I jumped off the table to where Gavin had gone in. The water was heavy with mud, and up to my shoulders, which meant Gavin was nostrils-deep. He was flailing and kicking, and when I grabbed him around the waist he must've thought it was Old Moses because he almost jerked my arms off. I shouted, "Gavin! Stop kickin'!" and I got his face up out of the water. "Humma hobba humma," he was babbling, like a rain-soaked engine trying to fire its plugs.

I heard a noise behind me, in that dark and soggy room. The noise of something rising from the water.

I turned around. Gavin yelped and grabbed hold with both arms around my neck, all but throttling me.

I saw the shape of Old Moses-huge, horrible, and breathtaking-coming up from the water like a living swamp log. Its head was flat and triangular, like a snake's, but I think it was not just a snake because it seemed to have two small arms with spindly claws just below what would have been the neck. I heard what must have been its tail thwacking against a wall so hard the house shook. Its head bumped the ceiling. Gavin's grip was making my face balloon with blood.

I knew without seeing that Old Moses was looking at us, with eyes that could spot a catfish through murky water at midnight. I felt its appraisal of us, like a cold knife blade pressed against my forehead. I hoped we didn't look much like dogs.

Old Moses smelled like the river at noon: swampy, steaming, and pungent with life. To say I respected that awesome beast would be quite an understatement. But right at that moment I wished I was anywhere else on earth, even in school. But I didn't have much time for thinking, because Old Moses's snaky head began to descend toward us like the front end of a steam shovel and I heard the hiss of its jaws opening. I backed up, hollering at Gavin to let go, but he would not. If I'd been him, I wouldn't have let go, either. The head came at us, but just then I backed out of the front room into a narrow corridor-which I certainly didn't know was there-and Old Moses's jaws slammed against the door frame on either side of us. This seemed to make him mad. He drew back and drove forward again, with the same result, except this time the door frame splintered. Gavin was crying, making a whoop whoop whoop sound, and a frothy wave from Old Moses's agitations splashed into my face and over my head. Something jabbed my right shoulder, scaring a ripple up my spine. I reached for it, and found a broom floating in the debris.

Old Moses made a noise like a locomotive about to blow its gaskets. I saw the awful shape of its head coming at the corridor's entrance, and I thought of Gordon Scott's Tarzan, spear in hand, fighting against a giant python. I picked up the broomstick, and when Old Moses hit the doorway again I jammed that broom right down its gaping, dog-swallowing throat.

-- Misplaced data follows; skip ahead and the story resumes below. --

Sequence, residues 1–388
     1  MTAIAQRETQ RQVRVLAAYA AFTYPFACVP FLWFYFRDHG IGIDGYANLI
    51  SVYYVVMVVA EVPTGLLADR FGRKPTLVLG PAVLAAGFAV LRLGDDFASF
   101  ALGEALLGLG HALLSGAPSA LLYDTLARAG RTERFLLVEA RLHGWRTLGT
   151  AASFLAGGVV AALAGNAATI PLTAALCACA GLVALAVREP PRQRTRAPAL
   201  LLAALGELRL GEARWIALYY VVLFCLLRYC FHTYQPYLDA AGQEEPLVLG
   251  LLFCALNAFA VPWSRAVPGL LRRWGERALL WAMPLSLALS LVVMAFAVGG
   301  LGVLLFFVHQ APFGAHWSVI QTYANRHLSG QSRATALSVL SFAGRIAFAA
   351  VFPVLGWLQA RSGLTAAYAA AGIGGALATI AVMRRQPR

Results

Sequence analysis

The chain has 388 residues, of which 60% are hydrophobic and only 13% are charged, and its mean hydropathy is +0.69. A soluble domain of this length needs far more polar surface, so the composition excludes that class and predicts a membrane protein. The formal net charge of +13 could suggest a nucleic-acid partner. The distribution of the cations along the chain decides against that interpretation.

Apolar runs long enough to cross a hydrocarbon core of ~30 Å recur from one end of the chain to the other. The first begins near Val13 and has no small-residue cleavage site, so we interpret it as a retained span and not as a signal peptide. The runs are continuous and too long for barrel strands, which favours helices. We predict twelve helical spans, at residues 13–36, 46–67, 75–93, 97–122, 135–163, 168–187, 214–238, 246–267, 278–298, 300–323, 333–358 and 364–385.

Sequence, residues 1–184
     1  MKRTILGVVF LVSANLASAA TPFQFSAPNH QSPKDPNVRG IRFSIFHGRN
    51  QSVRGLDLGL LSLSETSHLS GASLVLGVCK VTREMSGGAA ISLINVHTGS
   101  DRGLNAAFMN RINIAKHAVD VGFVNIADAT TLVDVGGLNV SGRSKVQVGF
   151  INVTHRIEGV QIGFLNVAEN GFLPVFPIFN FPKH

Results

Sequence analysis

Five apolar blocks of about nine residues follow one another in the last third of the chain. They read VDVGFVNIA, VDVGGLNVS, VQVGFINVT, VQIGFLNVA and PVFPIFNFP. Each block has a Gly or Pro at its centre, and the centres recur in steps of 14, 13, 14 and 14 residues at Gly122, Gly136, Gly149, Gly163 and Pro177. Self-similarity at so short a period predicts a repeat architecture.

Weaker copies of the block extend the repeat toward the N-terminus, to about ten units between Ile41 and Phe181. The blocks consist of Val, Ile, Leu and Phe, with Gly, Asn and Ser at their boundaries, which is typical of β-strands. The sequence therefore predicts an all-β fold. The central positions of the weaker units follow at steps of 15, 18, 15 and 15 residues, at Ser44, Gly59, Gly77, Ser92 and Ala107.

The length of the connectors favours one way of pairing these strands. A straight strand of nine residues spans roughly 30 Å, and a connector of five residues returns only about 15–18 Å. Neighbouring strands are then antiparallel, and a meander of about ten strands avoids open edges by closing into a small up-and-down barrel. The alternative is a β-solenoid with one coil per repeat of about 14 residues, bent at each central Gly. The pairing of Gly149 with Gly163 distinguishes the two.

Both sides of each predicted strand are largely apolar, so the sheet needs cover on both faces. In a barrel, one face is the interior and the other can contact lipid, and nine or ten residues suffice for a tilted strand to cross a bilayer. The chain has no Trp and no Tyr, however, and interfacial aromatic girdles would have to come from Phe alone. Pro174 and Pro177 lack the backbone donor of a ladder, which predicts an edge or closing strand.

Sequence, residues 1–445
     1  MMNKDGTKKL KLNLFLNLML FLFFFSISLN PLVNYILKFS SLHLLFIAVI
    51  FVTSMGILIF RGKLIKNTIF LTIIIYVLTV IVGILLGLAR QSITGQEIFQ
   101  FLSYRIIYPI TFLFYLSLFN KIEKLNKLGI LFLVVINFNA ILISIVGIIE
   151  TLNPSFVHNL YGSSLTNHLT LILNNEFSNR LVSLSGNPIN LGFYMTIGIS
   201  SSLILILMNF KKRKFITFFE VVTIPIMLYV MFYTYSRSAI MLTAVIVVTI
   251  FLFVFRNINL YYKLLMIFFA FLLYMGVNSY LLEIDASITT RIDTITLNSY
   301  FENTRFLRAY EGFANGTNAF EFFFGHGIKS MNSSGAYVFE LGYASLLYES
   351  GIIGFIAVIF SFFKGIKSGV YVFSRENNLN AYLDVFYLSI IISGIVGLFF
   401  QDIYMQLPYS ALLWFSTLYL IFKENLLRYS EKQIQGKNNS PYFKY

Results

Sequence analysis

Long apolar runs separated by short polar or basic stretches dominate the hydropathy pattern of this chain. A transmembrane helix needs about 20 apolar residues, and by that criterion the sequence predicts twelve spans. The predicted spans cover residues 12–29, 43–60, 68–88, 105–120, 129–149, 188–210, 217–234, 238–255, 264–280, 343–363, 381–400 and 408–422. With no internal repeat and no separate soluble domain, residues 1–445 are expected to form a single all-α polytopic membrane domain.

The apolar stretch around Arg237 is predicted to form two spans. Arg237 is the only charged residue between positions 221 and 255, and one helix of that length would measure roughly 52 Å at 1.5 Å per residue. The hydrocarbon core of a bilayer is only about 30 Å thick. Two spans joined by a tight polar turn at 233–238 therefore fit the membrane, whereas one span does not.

You know what happens when you touch your finger to the back of your throat, don't youi Well, the same thing happens, evidently, to monsters. Old Moses made a gagging noise as loud as thunder in a barrel. The head drew back and the broom went with it, cornstraw bristles jammed in the gullet. Then, and this is the only way I can describe it, Old Moses puked. I mean it. I heard the rush of liquid and gruesome things flooding from its mouth. Fish, some still flopping and some long dead, went flying all around us along with stinking crayfish, turtle shells, mussels, slimy stones, mud, and bones. The smell was... well, you can imagine it. It was a hundred times worse than when the kid in school throws up his morning oatmeal on the desk in front of you. I dunked my head underwater to get away from it, and of course Gavin had to go, too, whether he liked it or not. Underneath there, I thought that Old Moses ought to be more particular about what he scooped off the Tecumseh's bottom.

Currents thrashed around us. I came up again, and Gavin took a gasping breath and yelled his head off. at that point I started yelling, too. "Help!" I shouted. "Somebody help us!"

a light speared through the front door, over the choppy water, and hit me in the face.

"Cory!" came the sound of judgment. " I told you not to move, didn't Ii"

"Gavini Gavini"

"Lord God!" my mother said. "What's that smelli"

The water was settling down. I realized Old Moses was no longer between the two mothers and their sons. Dead fish floated in a slimy brown sludge on the surface, but Mom's attention was on me. "I'm gonna tan your hide, Cory Mackenson!" she shouted as she waded in with Nila Castile behind her.

Then they walked right into the floating monster disgorgement, and from the sound she made I don't believe my mother was thinking about whipping me anymore.

Lucky me.